Generally, a corporate income tax is not a potent way to tax the income of firms, especially incumbents, since they respond to such measures by increasing their prices and/or lowering the returns to their production factors. Corporate income taxation may have made sense in times when collecting taxes on personal income and consumption was cumbersome and complicated, but digitalization has made these indirect methods of taxation redundant. Ultimately, they only distort incentives and give rise to fiscal arbitrage. The principle of transparency justifies making all corporate profits tax exempt (not only those of young firms) while taxing primary incomes and consumption directly.

Proposal 7: Grant full corporate income tax exemption to genuinely new, innovative start-ups through their 3rd year, with the long-term goal of abolishing corporate income taxation altogether.

Clearly, the short-term goal of this proposal violates one of the principles we hold dear: neutrality. Moreover, it may give rise to undesirable tax-induced arrangements and does not distinguish between innovation-based new ventures producing knowledge spillovers and low-tech replicative ventures. However, because it is difficult for bureaucrats to distinguish deserving from non-deserving ventures, it is probably best to refrain from fine-tuning this further. Regardless, start-ups rarely make big profits in their first years, meaning that the proposal will not be costly in terms of foregone tax revenue. Fulfilling its long-term goal could, furthermore, make it a vital step towards a tax system in line with the desired principles of transparency, neutrality, and moderation.

3.2.3 Taxation of Dividends and Capital Gains

The returns to entrepreneurship mainly accrue to investors and entrepreneurs in the form of dividends and capital gains on their firm ownership stake. A high dividend tax rate encourages entrepreneurs to rely on retained earnings to finance expansion but can also trap capital in incumbent firms, thereby obstructing the flow of capital to the most promising projects in a collaborative innovation bloc (Chetty and Saez 2005). This imbalance is probably part of the reason why owners receive most of their economic return from successful entrepreneurship in the form of increased share values. Consequently, the taxation of capital gains on stock holdings typically has a substantial effect on the financial incentives of potential high-impact entrepreneurs and their (equity) financiers (Cumming 2005; Da Rin et al. 2006).

As shown in Table 3.2, standard tax rates on dividends and capital gains differ substantially among EU countries. Moreover, there are many ways in which effective rates can and do diverge from standard rates (Grant Thornton 2016).2 For example, the Swedish dividend and capital gains tax rates vary between 20 and 60% for physical persons; in Ireland, meanwhile, the dividend tax rate is 51%, whereas the capital gains tax rate can be reduced from 33% to zero under certain conditions. Levels are low, and variation is smaller in the Netherlands, Poland, and Estonia.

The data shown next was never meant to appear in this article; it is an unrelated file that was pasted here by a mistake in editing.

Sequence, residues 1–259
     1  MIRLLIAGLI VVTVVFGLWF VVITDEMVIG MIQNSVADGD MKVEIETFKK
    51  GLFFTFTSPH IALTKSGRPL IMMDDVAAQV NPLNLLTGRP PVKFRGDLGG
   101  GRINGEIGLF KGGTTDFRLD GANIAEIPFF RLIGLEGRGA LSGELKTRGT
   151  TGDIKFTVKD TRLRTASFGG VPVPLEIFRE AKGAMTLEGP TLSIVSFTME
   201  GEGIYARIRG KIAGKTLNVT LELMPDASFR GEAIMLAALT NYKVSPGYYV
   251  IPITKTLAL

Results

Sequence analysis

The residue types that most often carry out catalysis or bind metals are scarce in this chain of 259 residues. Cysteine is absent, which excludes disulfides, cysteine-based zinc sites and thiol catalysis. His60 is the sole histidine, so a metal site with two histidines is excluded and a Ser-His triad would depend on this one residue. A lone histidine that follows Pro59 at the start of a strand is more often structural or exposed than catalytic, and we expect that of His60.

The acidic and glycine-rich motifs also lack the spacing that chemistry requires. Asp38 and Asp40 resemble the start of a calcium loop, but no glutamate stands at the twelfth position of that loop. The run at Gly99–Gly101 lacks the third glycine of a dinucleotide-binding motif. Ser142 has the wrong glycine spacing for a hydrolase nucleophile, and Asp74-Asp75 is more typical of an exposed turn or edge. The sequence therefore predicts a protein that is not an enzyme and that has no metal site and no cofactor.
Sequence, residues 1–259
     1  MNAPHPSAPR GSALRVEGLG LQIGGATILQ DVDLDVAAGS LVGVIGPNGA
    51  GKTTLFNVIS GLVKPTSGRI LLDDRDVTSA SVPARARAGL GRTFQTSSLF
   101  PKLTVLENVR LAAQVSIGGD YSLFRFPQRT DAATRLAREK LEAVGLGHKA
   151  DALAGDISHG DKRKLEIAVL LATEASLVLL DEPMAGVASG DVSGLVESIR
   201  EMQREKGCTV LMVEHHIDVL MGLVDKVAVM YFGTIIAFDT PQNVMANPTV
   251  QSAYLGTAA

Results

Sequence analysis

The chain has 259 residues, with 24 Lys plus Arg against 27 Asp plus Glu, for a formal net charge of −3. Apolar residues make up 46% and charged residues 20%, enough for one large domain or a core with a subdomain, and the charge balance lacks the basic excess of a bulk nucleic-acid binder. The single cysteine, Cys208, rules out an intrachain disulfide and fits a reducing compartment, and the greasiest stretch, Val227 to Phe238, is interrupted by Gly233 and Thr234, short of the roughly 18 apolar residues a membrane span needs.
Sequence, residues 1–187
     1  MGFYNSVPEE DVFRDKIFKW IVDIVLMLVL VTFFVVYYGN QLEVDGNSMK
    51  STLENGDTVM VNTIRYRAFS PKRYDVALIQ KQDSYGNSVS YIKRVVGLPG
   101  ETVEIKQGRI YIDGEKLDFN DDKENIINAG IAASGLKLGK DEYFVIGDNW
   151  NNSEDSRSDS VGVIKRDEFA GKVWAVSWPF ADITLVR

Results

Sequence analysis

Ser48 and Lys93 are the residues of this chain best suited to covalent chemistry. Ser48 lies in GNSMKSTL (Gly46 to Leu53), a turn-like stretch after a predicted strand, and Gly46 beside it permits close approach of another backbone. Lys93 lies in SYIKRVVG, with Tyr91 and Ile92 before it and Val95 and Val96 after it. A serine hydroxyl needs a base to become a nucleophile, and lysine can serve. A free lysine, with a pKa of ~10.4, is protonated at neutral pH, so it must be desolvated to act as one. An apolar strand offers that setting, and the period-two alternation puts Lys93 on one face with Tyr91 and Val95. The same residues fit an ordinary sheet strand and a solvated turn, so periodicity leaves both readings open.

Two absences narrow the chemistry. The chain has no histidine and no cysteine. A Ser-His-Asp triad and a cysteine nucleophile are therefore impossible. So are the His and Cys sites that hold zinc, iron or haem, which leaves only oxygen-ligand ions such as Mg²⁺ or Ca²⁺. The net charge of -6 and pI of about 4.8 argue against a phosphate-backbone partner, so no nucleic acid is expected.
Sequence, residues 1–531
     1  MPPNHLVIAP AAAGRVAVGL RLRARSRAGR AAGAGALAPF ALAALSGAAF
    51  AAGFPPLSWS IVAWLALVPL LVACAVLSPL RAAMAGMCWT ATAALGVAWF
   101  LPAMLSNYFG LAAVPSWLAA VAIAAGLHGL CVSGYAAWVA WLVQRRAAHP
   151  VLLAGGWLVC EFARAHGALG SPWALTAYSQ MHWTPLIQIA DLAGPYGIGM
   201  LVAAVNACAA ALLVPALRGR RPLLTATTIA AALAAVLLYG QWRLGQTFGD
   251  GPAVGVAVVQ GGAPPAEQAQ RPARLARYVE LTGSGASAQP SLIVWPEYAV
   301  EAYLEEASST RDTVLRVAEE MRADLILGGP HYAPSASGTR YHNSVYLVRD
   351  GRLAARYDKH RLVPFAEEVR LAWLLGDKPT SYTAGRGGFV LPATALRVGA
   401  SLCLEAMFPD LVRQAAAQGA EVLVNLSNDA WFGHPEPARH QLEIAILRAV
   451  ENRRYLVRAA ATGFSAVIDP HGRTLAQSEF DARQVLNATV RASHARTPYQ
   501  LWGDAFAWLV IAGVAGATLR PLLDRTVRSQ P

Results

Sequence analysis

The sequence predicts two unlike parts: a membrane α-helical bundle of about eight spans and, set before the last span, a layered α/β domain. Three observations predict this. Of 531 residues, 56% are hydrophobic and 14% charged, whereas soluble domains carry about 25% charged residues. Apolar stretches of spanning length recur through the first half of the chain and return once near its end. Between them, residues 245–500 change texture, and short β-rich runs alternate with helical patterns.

Table 3.2

The standard dividend and capital gains tax rates (short-term/long-term) in EU member countries and the USA, 2018

Country

Dividends

Capital gains

Country

Dividends

Capital gains

Austria

27.5

27.5

Latvia

0.0

20.0

Belgium

30.0

0.0

Lithuania

15.0

15.0

Bulgaria

5.0

41.0

Luxembourg

21.0

42.0

Croatia

12.0

12.0

Malta

0.0

35.0

Cyprus

17.0

0.0

Netherlands

25.0

n/aa

Czech Republic

15.0

15/0

Poland

19.0

19.0

Denmark

42.0

42.0

Portugal

28.0

28.0

Estonia

0.0

21.0

Romania

5.0

10.0

Finland

28.9

34.0

Slovakia

7.0

25/0

France

30.0

30.0

Slovenia

25.0

25/0

Germany

26.4

26.4/0

Spain

23.0

23.0

Greece

15.0

15.0

Sweden

30.0

30.0

Hungary

15.0

15.0

UK

38.1

28.0

Ireland

51.0

33.0

USA

29.2

39.6/20

Italy

26.0

26.0

   

Source: OECD Statistics, Table II.4 Overall Statutory Tax Rates on Dividend Income, and the websites of the respective national tax agencies

aThe Dutch tax rate on capital gains does not depend on the realized return. It is a flat tax of 30% on an assumed nominal rate of return

What most European member states have in common, however, is that their tax schemes for dividends and capital gains are complex, thereby feeding a thriving but macro-economically unproductive tax advice business. Countries should thus aim for dividend and capital gains tax rates with few exceptions and few (opaque) concessionary schemes. Here, Eastern European countries, such as Poland and Estonia, offer exemplary models: tax rates are at reasonable levels, and the effective tax rate is largely independent of any particular circumstances. Arguably, the simplicity is due to the relatively recent transition of these former communist countries to liberal market-based democracies. These economies essentially had to start from scratch in the early 1990s and were exempt from the burden of decades of lobbying and the type of political compromises obfuscating the tax system in most Western European countries.